• That's correct, yes. Thank you, sir, yes, that's correct.

  • You also discuss in general terms, because the nature of the discussion was necessarily in general terms, given the paucity of evidence you had, the reach of the PACE powers, particularly under section 1, in the context of journalistic material. Do you recall that, Mr Perry?

  • Yes, I do, Mr Jay, thank you.

  • The email records some of the obvious constraints there are in relation to seizing material which might include journalistic material, since, on my understanding of the law, one first of all has to engage the person being searched to obtain their consent, and it's only when they don't consent that you go for a production order. In crude terms, does my summary of the law reflect what the law is?

  • Yes, yes, I think so. There may be nuances to that, but I think that's right.

  • I think I've squeezed all the nuances out and given a very crude summary, but I hope I didn't cause you too much consternation. Could we move forward then to the next conference, which was a bigger, as it were, more considered conference inasmuch as the police officers were there and of course the material had been obtained from Goodman and Mulcaire, and inconclusive interviews had taken place. That conference took place in your chambers.

    We have two notes of the conference. There's the notes which Mr Williams took, which I know you've seen, which is in our master bundle, as it were, in file 3, tab 131. But there's another note, which is your own note, I believe -- you may be in a position to confirm this -- which is under tab 41 of the bundle which has been provided to you for the purpose of this hearing.

  • Do you have both those notes, Mr Perry? May we be absolutely --

  • Mr Williams' note is a note you've only seen in the last few weeks; is that right? Or did you see it in 2009/2010?

  • To be clear, the first time I saw the note prepared by Mr Williams was when I was provided with it for the purposes of preparing my witness statement for your Inquiry.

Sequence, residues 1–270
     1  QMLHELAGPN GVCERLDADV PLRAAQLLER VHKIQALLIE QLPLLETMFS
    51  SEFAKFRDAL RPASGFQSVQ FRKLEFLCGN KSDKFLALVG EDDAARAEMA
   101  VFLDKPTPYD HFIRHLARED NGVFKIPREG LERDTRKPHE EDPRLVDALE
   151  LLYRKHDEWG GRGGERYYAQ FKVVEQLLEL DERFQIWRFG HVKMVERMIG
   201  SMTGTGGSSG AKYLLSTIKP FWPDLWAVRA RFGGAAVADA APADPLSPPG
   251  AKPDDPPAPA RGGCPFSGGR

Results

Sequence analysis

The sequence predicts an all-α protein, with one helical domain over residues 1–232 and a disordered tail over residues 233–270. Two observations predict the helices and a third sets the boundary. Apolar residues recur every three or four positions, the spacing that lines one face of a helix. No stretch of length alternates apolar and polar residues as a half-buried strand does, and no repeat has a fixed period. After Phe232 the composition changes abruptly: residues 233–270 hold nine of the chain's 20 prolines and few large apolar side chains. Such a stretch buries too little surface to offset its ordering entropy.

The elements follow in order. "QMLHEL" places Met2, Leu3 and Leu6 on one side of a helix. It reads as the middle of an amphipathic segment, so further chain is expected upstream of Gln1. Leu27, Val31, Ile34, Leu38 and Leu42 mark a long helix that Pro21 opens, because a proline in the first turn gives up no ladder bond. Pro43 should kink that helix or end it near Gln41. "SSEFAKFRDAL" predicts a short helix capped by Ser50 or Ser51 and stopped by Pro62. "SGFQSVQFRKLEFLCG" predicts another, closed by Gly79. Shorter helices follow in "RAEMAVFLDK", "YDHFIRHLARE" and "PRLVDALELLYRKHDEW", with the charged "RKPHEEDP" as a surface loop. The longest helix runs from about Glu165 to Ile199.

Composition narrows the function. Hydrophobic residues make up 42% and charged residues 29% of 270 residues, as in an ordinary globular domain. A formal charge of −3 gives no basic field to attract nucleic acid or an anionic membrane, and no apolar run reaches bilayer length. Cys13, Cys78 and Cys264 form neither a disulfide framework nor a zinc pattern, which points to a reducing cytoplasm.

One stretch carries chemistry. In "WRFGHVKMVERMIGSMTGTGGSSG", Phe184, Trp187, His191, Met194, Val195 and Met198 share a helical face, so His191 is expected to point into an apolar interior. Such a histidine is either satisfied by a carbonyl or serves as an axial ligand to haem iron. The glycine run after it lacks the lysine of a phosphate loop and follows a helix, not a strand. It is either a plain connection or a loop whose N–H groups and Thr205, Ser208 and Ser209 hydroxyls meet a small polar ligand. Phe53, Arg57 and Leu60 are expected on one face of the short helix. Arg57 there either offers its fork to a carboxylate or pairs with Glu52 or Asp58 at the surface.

• Thank you. That's when I emailed it to you about three weeks ago. But the notes which are your notes -- first of all, may I confirm that they are your notes, at tab 41?

  • Yes, I can confirm that the points for discussion, with the manuscript annotations, at tab 41, the manuscript annotations as they appear on that page, that they are my annotations in my handwriting.

  • Thank you. So we can just identify another document, a document which has come out more clearly in the photocopy, about two or three pages further on, I believe are junior counsel's notes?

  • Yes, that's Louis Mably's handwriting and that goes over in my bundle over three pages.

  • Thank you. The page reference for your note on our system is 18605. You'll probably want to use your notes, because they were made contemporaneously, as being your best guide to what you said at the conference. Presumably you'd agree with that, Mr Perry?

  • You say in paragraph 12 of your witness statement -- this is clear from all the evidence we've seen -- that you believed that "the essential matter on which we were asked to advise concerned the charges and the shape of the case."